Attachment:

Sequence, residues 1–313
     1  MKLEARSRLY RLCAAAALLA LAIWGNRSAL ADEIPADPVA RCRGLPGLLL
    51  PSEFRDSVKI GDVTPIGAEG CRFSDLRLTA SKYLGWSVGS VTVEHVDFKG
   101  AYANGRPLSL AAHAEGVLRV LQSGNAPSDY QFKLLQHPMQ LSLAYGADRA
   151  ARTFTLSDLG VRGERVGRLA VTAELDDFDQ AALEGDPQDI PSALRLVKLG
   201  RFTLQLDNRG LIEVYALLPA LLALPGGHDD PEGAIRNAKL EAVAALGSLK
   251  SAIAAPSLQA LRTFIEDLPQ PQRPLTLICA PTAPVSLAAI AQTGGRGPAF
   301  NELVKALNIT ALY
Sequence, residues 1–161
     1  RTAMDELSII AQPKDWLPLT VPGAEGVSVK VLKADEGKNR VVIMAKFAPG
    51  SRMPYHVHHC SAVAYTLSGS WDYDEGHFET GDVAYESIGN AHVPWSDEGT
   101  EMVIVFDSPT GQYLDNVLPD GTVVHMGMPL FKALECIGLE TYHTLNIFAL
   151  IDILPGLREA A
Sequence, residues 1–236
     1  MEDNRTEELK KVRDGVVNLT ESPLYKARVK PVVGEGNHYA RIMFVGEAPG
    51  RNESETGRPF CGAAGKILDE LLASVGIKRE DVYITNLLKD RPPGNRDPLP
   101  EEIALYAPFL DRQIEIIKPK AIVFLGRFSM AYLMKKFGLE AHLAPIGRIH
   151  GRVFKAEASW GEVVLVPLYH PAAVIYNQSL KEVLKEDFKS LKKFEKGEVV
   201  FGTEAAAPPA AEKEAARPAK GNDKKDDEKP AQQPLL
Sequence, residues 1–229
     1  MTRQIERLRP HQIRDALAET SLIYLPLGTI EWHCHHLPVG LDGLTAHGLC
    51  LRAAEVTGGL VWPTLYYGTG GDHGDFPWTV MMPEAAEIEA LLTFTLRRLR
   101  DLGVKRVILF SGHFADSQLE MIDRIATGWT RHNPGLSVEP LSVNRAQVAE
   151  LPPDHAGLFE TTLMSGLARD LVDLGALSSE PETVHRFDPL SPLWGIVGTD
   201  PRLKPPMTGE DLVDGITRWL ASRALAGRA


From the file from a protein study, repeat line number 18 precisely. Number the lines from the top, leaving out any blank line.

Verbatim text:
   151  GRVFKAEASW GEVVLVPLYH PAAVIYNQSL KEVLKEDFKS LKKFEKGEVV